1st Edition

The Chronicler of China Juan González de Mendoza, between Mission, Empire and History (Sixteenth- to Seventeenth Centuries)

By Diego Sola Copyright 2024
    296 Pages 15 B/W Illustrations
    by Routledge

    This monograph provides an analysis and contextualization of an extraordinarily successful book, the History of the Great Kingdom of China (Rome 1585), by the Spanish Augustinian friar Juan González de Mendoza (1545–1618). Within a few years, this book had reached 30 editions and had been translated into several languages, including English. Mendoza’s chronicle shaped the late Renaissance interpretation of China across Europe. It had its origin in an embassy to emperor Wanli of China sent by Philip II, ruler of the Spanish and Portuguese overseas empires in America and Asia. Reconstructing the biography of González de Mendoza with new sources, this volume offers a systematic study of his account of late Ming China, analyzing its reception and influence both in Spain and elsewhere in Europe.

    The Chronicler of China is divided into five chapters, covering the Portuguese and Castilian sources that recorded the earliest contacts with China in the sixteenth century, the figure of Mendoza as an ethnographical and political writer, the building of his chronicle on China, the dialogue with his sources and, finally, the footprint of Mendoza’s book in the European Republic of Letters.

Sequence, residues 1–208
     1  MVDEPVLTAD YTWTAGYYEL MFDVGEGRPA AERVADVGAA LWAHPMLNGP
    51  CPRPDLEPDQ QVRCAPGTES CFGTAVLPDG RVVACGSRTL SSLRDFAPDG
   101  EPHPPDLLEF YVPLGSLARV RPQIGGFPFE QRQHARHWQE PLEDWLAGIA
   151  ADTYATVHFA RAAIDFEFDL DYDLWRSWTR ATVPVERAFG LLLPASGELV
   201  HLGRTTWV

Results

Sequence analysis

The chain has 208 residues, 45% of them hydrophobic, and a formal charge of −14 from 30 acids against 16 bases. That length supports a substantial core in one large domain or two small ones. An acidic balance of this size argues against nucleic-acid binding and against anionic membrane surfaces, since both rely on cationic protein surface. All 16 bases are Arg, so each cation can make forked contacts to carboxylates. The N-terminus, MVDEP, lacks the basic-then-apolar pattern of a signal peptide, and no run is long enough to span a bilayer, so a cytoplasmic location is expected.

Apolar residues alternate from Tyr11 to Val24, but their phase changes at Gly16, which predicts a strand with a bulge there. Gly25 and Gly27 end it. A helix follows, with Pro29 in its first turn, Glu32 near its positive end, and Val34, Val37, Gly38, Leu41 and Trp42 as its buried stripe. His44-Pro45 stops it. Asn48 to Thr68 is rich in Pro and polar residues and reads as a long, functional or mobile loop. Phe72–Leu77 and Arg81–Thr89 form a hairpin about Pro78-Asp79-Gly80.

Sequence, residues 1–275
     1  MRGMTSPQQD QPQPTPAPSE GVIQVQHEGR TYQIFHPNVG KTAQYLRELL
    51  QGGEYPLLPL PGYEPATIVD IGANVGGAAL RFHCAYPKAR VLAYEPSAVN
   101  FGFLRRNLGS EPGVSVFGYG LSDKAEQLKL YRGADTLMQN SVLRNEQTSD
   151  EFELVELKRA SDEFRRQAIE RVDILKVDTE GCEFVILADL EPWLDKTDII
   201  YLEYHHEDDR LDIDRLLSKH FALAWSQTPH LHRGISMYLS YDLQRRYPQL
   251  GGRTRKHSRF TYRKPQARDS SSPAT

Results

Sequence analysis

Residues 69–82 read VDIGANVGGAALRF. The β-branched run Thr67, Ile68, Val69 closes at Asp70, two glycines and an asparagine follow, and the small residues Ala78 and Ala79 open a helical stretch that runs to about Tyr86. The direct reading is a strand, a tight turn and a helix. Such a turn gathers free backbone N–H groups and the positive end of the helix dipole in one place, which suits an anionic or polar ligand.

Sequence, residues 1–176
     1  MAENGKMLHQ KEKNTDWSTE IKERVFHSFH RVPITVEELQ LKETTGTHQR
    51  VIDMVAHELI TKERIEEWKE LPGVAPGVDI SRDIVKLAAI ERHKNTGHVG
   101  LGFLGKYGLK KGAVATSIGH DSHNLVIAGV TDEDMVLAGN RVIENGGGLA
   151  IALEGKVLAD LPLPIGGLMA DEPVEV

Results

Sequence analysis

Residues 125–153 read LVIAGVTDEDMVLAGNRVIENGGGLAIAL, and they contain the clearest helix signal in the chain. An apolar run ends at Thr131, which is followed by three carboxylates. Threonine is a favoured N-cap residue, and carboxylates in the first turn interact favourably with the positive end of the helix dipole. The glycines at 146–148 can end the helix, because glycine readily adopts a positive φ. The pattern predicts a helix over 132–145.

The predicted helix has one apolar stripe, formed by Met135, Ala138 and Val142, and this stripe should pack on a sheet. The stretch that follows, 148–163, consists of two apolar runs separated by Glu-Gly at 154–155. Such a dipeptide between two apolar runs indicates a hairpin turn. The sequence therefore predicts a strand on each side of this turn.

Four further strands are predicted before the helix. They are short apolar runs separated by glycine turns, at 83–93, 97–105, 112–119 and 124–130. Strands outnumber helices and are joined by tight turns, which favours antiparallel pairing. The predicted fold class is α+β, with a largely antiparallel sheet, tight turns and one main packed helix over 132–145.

This book, the most complete study on the Augustinian Mendoza and his historical and ethnographical work to date, contributes to a wider understanding of the Iberian contribution to sixteenth-century travel writing and the Western knowledge of China. It will appeal to scholars and students alike interested in the early modern interpretation of China in Europe.

    Prologue: Juan González de Mendoza and the European discovery of China
    Joan-Pau Rubiés

    1 Between Iberia and Cathay

    2 Agent of God and empire 

    3 The “Chronicle of China” 

    4 Visions of the Great Kingdom 

    5 The chronicler’s footprint 





    Diego Sola is Senior Lecturer of Early Modern History at the University of Barcelona, where he obtained his PhD with the Extraordinary Doctoral Prize of the Faculty of History in 2015. His academic research is mainly focused on the Iberian religious in China and the Philippines as cultural creators and mediators during the Early Modern Era (sixteenth to seventeenth centuries), as well as the process of building of a specific image of Asia in the monarchies of Spain and Portugal through the textual productions of the missionaries.